Wednesday 31 August 2011 might very well go down as a bleak day indeed in the career of one of the top three longest-serving managers in the Premier League. But which one? Not Sir Alex Ferguson, that's for sure, who spent last Wednesday still basking in the glow of Manchester United's 8-2 victory over Arsenal, not that he did much visible basking in the immediate aftermath of the match, presumably out of respect for his shaken old adversary Arsène Wenger. Moreover, the last day of summer shopping was of little concern to Fergie, who had finalised his purchases long before.
So that leaves Wenger, and David Moyes. Ostensibly, it was the Everton manager who suffered a calamitous last few hours of the transfer window, unexpectedly losing his midfield playmaker Mikel Arteta for a comparatively paltry £10m. Arsenal's hopeful bid was at first rejected, but when Arteta himself started agitating for the move, Moyes realised his hand was being forced. That's the same Mikel Arteta, incidentally, who in January this year explained to your columnist the reasons why he had signed a long-term contract at Everton.
"This is a unique club," he said. "When I came here six years ago, I could speak English but I didn't know anyone. I knew nothing about the club. After just a week I felt so welcome, joking with the kit man, the masseur, the gaffer. It's so nice to come here every day, to feel part of something and know that everyone feels the same, from the players to the chefs. I've never felt that atmosphere anywhere else. And it's always there, whether the club's going up the league or down."
Seven months later that unique atmosphere was evidently no longer enough to keep Arteta at the club, but none of the Everton supporters I know blame him for his decision to tear up his contract and become a Gunner. Most of them, indeed, have ventured the hope that he is given a rousing welcome on his return to Goodison Park, and they understand his desire to play Champions League football, which certainly doesn't look as if it's coming to Goodison any time soon.
As for the Spaniard's decision to take an estimated £20,000-a-week cut in pay, clearly it's a little troubling, not to say humiliating, that someone who so recently and so eloquently expressed his love for the club would willingly sacrifice more than 25 per cent of his salary in his desperation to leave, but still, even jilted Evertonians can find a certain nobility, in this day and age, of a footballer moving for a much slimmer pay packet rather than a considerably fatter one.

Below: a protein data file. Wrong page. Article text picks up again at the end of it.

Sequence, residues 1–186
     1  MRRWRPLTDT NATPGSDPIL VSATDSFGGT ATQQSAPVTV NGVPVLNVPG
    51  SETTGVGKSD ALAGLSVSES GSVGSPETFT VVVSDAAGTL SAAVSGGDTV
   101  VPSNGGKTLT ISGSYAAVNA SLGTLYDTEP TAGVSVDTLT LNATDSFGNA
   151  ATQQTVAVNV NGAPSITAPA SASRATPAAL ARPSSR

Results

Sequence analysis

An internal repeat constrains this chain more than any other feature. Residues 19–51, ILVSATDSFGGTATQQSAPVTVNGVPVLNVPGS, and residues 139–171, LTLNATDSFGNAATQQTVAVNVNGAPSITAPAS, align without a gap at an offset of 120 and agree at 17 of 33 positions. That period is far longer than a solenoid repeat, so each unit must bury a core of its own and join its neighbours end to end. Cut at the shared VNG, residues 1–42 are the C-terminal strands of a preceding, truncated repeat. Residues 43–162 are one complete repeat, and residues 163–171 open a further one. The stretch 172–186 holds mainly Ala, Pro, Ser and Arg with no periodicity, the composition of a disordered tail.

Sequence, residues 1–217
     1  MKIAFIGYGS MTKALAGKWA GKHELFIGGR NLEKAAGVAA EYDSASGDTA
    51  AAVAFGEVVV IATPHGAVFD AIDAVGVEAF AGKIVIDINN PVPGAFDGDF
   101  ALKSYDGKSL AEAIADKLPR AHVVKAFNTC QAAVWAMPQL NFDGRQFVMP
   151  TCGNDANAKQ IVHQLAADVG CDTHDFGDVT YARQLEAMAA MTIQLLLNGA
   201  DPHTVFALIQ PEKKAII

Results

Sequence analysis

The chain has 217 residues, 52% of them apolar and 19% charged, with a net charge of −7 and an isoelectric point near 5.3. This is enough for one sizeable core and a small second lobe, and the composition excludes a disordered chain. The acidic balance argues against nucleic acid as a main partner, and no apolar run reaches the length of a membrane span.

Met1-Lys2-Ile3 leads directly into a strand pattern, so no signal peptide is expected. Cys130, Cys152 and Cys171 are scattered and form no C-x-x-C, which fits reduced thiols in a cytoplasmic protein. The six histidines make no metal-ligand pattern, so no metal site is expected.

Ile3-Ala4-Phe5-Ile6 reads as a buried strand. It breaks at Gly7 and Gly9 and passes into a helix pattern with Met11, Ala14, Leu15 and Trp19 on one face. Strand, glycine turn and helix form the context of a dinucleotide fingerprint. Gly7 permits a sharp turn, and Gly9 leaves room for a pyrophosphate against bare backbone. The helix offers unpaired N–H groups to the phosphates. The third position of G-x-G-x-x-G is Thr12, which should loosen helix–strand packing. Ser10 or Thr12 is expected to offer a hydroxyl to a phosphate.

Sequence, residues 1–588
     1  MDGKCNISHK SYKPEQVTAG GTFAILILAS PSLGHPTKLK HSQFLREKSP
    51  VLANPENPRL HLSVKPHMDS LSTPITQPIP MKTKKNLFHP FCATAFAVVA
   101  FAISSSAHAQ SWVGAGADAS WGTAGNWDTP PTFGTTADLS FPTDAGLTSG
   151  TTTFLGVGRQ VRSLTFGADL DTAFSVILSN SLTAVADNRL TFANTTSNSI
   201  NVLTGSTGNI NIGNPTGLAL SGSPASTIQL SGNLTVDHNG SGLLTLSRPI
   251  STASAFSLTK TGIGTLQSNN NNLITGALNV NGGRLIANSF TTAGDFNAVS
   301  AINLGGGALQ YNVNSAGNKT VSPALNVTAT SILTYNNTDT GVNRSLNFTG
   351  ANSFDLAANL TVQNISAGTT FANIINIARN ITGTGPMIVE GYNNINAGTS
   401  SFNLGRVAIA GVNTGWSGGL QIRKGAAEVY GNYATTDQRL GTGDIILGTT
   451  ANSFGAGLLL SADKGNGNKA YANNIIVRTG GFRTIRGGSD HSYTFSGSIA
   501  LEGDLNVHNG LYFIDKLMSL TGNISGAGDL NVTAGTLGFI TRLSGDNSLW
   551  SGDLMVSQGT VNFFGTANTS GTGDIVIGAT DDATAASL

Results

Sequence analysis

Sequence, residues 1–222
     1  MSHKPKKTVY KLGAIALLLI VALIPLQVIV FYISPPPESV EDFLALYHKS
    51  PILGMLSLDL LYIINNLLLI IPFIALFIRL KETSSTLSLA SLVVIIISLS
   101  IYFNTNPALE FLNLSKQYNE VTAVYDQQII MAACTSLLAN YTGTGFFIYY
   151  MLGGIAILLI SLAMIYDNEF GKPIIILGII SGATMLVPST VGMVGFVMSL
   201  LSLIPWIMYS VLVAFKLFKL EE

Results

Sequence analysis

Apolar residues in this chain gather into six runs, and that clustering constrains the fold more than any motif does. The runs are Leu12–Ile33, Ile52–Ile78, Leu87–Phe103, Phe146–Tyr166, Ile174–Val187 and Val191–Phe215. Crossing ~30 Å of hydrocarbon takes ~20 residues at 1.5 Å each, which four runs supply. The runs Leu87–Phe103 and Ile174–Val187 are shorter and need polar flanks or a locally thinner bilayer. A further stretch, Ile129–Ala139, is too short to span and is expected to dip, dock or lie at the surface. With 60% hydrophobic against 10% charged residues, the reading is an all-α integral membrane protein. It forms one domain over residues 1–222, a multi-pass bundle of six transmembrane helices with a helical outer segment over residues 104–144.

Besides, while most media commentators are portraying Arteta's departure as a disaster for the club, the Goodison faithful are not so sure. For them, Arteta has all too rarely scaled the sublime heights he reached before a ruptured cruciate ligament in early 2009 put him out of the game for almost a year. And his reputation as a dead-ball specialist is something of a joke among the cynics on the Gwladys Street, who recognise in Leighton Baines a superior taker of corners, free-kicks and, notwithstanding the fact that Everton's solitary league goal this season came from an Arteta spot-kick, of penalties.
In addition to all that, a club with barely a brass farthing to its name has effectively been paid £10m to shed the biggest burden to its wage bill. So while it is true that the two last-minute loan signings secured by Moyes, the Dutch midfielder Royston Drenthe and the Argentinian striker Denis Stracqualursi, did not so much launch a frenzy of happiness as a frenzy of Google searches, the consensus among those who watch Everton week in and week out is that last Wednesday's sales and acquisitions might just add up to smart business.
Which leaves Wenger as the manager who might yet consider it to have been his very own Black Wednesday. In Simon Kuper's excellent book, The Football Men, a fascinating profile of the Arsenal boss sheds light on a man who has his finger on the pulse not only figuratively, but actually. In 2004, looking for a defensive midfielder who might one day replace Patrick Vieira, he ordered a search through computerised databases for the player in that position, anywhere in the world, who covered most ground per match. The search threw up an obscure rookie at Olympique Marseille called Mathieu Flamini, who ran his heart out every game. Wenger bought him, and Flamini duly became a first-team regular.
The point is that Wenger's transfer policy has always amounted to an appliance of science. He works out with extraordinary precision what will make his machine more efficient, and what won't. And traditionally he does so by investing in youth. Arteta, aged 29, and 31-year-old Yossi Benayoun could undoubtedly turn out to be exactly what Arsenal fans were hoping for in order to put behind them a traumatic start to the season. But it seems at least as likely that Wenger, not Moyes, will have most cause to regret a day when some old players climbed in through the closing transfer window, and some old principles flew out.